A new study by scientists has shown that carbon pollution led to heavier rains and stronger floods in Greece and Libya this month but other human factors were responsible for “turning the extreme weather into a humanitarian disaster”.
According to the study from World Weather Attribution that used established methods but had not yet been peer-reviewed, global heating made the levels of rainfall that devastated the Mediterranean in early September up to 50 times more likely in Libya and up to 10 times more likely in Greece.
The network of scientists, who race to understand extreme weather events as soon as they happen, found that people were made more vulnerable to the rain because of factors such as building homes on floodplains, chopping down trees and not maintaining dams.
In her reaction, Friederike Otto, a climate scientist at Imperial College London and co-author of the report said that the Mediterranean is a hotspot of climate-change-fuelled hazards.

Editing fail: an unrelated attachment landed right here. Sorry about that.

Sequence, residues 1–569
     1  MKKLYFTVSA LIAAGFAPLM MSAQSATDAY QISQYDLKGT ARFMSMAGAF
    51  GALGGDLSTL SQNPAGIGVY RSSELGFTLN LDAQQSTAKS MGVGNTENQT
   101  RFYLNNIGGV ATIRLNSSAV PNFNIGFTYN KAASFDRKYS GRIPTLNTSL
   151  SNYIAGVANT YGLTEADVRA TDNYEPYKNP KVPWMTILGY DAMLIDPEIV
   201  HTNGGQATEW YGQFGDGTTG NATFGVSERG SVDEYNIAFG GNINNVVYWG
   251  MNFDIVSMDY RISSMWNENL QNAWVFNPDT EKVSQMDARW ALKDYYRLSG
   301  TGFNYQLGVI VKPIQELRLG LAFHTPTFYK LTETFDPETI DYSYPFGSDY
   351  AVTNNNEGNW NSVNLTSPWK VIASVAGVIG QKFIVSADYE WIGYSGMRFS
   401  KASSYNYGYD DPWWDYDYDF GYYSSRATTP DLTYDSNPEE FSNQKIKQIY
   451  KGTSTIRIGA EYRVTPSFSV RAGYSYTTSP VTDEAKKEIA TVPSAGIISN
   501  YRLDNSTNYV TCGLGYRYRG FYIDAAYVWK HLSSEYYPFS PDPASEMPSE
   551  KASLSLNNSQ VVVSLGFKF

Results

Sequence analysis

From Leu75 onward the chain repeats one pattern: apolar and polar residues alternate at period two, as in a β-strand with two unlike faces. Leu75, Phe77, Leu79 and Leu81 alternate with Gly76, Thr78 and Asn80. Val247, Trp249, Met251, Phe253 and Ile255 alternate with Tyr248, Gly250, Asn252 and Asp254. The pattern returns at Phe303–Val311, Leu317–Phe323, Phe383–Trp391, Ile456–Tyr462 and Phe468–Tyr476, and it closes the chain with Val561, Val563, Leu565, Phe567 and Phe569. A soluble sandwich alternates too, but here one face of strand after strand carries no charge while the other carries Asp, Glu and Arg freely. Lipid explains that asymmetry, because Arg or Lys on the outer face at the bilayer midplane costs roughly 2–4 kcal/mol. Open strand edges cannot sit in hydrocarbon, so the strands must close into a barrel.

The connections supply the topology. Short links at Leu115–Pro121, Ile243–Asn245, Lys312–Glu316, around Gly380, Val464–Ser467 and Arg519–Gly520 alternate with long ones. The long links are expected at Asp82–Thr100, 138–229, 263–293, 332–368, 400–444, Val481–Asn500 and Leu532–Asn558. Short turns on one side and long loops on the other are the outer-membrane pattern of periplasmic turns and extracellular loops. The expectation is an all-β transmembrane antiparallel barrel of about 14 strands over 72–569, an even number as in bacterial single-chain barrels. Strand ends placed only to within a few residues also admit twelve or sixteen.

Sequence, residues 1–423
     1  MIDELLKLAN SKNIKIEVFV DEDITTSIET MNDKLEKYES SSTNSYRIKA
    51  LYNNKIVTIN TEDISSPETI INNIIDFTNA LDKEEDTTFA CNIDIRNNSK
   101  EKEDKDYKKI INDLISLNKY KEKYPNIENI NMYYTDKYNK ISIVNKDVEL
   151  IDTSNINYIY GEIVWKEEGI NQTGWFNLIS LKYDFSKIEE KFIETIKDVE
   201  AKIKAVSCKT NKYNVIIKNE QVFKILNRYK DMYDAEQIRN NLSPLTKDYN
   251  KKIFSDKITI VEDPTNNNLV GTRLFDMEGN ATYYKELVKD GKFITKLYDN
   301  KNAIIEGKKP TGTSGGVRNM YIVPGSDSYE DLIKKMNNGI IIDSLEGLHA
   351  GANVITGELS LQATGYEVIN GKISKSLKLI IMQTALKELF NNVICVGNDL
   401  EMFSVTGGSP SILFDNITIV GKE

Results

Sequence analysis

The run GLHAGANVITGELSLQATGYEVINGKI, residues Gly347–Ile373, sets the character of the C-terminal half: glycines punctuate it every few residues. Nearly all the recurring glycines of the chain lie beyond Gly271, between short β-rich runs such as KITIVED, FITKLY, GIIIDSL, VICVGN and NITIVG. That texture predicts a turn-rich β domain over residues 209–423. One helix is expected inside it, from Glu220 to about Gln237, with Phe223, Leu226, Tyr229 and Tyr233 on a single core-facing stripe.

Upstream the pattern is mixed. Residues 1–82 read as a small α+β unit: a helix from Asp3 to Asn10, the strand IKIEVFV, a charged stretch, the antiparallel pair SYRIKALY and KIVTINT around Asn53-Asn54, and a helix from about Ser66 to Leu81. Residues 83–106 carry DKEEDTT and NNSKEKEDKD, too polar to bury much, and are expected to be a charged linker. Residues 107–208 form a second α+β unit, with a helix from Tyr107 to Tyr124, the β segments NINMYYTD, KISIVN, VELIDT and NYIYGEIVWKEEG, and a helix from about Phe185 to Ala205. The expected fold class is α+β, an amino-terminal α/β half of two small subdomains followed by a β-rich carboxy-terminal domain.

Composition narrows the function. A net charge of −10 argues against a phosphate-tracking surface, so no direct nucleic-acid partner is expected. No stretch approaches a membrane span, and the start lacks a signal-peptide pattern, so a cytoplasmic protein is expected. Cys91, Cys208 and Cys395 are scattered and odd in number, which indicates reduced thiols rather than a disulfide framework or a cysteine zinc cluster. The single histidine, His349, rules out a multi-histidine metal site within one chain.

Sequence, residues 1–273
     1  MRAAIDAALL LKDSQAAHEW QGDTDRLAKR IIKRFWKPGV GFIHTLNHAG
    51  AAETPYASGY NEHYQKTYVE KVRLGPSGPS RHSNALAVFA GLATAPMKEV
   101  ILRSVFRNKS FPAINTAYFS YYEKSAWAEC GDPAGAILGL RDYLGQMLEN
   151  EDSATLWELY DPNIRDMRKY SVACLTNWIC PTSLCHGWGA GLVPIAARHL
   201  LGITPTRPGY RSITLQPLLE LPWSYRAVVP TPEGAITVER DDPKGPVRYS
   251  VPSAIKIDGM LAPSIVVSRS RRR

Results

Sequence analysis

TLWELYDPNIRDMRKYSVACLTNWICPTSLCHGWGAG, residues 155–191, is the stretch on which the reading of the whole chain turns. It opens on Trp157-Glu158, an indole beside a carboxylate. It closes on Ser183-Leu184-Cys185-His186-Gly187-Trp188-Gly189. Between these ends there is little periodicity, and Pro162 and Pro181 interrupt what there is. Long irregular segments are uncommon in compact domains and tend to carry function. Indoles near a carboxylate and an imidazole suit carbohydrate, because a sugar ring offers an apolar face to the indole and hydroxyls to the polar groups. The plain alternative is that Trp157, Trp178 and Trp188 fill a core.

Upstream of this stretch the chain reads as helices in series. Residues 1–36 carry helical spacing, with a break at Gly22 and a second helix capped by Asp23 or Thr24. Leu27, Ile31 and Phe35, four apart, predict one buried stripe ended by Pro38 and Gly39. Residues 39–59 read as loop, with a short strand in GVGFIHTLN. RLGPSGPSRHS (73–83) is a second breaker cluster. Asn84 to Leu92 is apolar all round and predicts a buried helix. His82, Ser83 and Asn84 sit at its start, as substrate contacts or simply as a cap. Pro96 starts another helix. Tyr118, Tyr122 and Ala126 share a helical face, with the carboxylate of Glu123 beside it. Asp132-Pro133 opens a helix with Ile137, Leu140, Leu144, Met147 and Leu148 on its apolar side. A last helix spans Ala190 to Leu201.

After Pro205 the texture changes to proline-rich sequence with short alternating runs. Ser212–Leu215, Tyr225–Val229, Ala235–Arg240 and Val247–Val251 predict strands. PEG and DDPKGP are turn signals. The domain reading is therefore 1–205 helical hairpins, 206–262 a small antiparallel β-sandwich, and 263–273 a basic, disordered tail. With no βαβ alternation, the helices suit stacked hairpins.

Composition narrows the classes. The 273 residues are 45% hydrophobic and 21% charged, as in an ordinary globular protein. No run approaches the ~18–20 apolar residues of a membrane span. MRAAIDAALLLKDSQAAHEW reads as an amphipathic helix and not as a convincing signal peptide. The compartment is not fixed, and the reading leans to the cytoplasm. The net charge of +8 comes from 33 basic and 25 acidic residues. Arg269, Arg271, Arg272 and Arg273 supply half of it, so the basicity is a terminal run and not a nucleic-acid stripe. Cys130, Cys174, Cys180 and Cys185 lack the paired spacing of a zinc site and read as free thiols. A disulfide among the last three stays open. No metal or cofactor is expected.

She added that while the researchers found it harder to quantify the role of climate change in this study than they did for recent wildfires and heatwaves, “there is absolutely no doubt that reducing vulnerability and increasing resilience to all types of extreme weather is paramount for saving lives in the future”.
Recall that storm Daniel struck several Mediterranean countries in the first two weeks of September and dropped torrential rains. The floods killed dozens of people in Europe and Turkey. In Libya, where two ageing dams burst near the city of Derna and washed away entire neighbourhoods, the confirmed death toll stretches into the thousands.
The WWA report found that the amount of rain that fell in Libya was “far outside that of previously recorded events” and that up to 50% more rain fell than it would have in a world where people had not changed the climate.
It also found that the ongoing conflict and political instability in Libya compounded the effects of the flooding. Dams built in the 1970s had been poorly maintained. They may also have been designed based on short rainfall records that underestimated how strong an extreme storm could be.
The report found that people were at greater risk because the dams stored so much water and failed at night, leaving little time to escape.
“We urgently need to reduce exposure to flood risks,” said Maja Vahlberg from the Red Cross Red Crescent climate centre, a co-author of the report.
Story was adapted from the Guardian.